Advertisement
YOU ARE HERE: LAT HomeCollectionsMortgages

Briefcase

Banking/finance

January 10, 1989|James S. Granelli, Times staff writer

The Hammond Co. has come up with what it believes to be a unique loan for home buyers--an adjustable-rate mortgage that does not require payments for 3 months.

The loan is designed to help families meet the extraordinary costs of moving into a home and making improvements, said Thomas T. Hammond, chairman and president of the Newport Beach firm.

The loan, introduced Thursday, would enable some borrowers to use their savings to buy new furniture, appliances or other necessities for the home before the mortgage payments begin, he said.

To be sure, borrowers will eventually pay for the 3-month hiatus in payments. The amount owed is tacked on as principal, and the entire loan is repaid in 29 years, 9 months. The total repayment would be higher than if the loan were paid out normally over 30 years.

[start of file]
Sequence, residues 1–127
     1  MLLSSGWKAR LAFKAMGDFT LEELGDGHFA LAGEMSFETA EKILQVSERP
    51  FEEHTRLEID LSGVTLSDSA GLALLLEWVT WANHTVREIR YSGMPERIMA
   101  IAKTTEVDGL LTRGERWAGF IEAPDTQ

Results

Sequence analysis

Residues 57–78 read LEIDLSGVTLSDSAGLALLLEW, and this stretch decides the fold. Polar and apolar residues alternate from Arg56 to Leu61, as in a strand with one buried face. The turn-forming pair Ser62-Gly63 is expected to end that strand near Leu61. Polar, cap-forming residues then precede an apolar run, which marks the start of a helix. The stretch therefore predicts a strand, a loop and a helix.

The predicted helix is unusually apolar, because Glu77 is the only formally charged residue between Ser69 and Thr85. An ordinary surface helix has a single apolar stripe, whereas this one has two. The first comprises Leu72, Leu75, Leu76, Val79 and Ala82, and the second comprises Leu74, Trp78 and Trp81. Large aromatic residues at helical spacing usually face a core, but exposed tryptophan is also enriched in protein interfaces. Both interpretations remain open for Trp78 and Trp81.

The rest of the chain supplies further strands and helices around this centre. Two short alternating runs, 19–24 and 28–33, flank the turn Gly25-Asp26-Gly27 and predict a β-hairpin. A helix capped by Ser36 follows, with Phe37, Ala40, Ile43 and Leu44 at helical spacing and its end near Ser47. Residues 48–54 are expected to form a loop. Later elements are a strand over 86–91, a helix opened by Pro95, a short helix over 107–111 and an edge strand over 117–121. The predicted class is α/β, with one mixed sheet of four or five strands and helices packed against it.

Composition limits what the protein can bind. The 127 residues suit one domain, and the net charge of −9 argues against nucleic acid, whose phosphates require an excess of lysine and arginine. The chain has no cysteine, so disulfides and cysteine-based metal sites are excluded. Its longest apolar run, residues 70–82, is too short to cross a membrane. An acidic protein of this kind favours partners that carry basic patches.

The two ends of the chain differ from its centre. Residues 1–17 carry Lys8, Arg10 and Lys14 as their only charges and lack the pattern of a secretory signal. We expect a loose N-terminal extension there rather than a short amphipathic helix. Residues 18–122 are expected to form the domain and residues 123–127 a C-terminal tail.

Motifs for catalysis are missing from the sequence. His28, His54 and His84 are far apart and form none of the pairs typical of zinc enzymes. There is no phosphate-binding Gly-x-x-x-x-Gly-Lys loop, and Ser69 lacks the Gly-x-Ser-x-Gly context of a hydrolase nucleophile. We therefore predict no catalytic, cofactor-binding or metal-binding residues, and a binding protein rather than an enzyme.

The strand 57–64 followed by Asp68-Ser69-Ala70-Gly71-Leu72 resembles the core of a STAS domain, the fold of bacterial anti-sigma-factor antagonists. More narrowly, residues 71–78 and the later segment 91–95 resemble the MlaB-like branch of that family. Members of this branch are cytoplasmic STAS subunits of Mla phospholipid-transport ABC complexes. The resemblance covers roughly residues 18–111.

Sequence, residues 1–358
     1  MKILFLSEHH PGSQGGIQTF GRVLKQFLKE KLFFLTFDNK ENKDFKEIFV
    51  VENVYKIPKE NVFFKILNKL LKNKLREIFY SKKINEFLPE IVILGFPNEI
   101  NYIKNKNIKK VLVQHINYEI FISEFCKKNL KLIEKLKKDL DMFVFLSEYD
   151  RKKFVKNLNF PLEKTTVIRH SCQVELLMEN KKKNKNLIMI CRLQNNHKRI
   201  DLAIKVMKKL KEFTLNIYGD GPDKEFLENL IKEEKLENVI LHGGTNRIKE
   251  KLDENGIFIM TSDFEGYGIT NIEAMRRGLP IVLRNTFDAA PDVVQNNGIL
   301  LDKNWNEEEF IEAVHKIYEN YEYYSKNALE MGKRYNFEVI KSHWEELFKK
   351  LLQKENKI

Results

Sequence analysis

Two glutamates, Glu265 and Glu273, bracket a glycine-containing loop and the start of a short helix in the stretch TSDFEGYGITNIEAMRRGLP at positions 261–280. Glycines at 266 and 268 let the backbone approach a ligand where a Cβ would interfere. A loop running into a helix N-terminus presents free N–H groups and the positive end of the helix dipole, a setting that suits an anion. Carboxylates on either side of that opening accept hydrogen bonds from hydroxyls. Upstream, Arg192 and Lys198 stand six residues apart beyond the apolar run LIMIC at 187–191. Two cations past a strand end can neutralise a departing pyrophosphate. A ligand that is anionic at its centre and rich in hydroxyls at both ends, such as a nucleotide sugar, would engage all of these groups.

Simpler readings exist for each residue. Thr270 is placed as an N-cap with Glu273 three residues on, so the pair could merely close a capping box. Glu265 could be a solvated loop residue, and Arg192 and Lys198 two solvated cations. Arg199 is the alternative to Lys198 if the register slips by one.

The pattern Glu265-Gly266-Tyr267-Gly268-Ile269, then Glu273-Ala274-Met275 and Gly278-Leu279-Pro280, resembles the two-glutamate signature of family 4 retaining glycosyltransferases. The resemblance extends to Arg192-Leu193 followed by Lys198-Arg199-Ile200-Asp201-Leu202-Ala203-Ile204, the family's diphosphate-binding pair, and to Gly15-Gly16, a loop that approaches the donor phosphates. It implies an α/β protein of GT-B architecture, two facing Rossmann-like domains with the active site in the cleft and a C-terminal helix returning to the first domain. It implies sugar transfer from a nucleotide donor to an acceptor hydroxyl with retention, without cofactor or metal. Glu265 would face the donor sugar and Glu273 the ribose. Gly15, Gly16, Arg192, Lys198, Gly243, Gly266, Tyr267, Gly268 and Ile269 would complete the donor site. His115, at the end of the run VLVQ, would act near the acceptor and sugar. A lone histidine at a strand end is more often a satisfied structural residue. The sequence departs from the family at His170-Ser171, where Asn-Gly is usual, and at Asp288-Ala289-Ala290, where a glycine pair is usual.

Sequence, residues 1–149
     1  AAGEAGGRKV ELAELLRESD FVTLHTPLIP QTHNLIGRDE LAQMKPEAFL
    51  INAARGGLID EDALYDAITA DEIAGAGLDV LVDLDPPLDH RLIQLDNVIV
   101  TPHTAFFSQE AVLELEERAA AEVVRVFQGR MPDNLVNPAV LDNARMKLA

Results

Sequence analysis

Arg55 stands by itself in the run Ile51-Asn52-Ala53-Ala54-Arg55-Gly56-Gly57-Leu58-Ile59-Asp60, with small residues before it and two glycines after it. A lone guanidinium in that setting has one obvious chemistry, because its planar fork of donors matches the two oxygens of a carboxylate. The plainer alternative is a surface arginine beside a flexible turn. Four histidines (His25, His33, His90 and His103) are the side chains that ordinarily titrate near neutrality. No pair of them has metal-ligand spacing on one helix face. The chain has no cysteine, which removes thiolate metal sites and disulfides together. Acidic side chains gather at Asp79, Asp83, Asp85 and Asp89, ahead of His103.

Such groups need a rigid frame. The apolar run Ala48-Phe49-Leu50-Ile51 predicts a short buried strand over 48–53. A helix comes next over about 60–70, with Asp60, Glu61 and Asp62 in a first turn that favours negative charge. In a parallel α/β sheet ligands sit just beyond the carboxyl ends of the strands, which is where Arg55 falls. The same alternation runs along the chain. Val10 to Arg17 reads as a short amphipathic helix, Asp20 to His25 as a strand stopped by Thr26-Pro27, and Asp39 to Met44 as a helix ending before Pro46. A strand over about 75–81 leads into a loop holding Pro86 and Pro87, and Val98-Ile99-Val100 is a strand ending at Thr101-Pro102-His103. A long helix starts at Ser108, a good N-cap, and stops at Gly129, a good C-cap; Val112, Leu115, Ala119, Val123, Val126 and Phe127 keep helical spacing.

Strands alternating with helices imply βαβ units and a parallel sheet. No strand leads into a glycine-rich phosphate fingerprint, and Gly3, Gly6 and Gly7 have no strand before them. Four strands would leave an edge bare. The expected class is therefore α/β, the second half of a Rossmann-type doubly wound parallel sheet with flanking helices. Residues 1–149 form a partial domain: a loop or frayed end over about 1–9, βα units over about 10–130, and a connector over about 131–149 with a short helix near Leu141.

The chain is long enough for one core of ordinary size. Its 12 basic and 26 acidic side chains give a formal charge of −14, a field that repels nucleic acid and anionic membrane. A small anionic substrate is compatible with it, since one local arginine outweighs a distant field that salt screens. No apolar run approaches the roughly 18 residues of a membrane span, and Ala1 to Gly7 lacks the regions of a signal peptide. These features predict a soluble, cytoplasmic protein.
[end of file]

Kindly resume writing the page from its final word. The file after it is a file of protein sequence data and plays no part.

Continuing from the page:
But borrowers could be better off in the short run with the feature than without it, said Michael Franklin, Hammond's executive vice president for loan originations.

Assuming a loan of $100,000 under current interest rates, total payments would average $695 a month over the first year, while payments would average $801 a month with a typical adjustable-rate loan, Franklin said. The $106-a-month savings is realized by dividing nine payments by 12 months.

The estimated $1,270 that would be saved in the first year would be added to the principal, creating a loan of $101,270. The general rule of thumb that borrowers eventually pay three times the loan amount means that a $1,270 savings now will cost $3,810 over the life of the loan.

Advertisement
Los Angeles Times Articles
|
|
|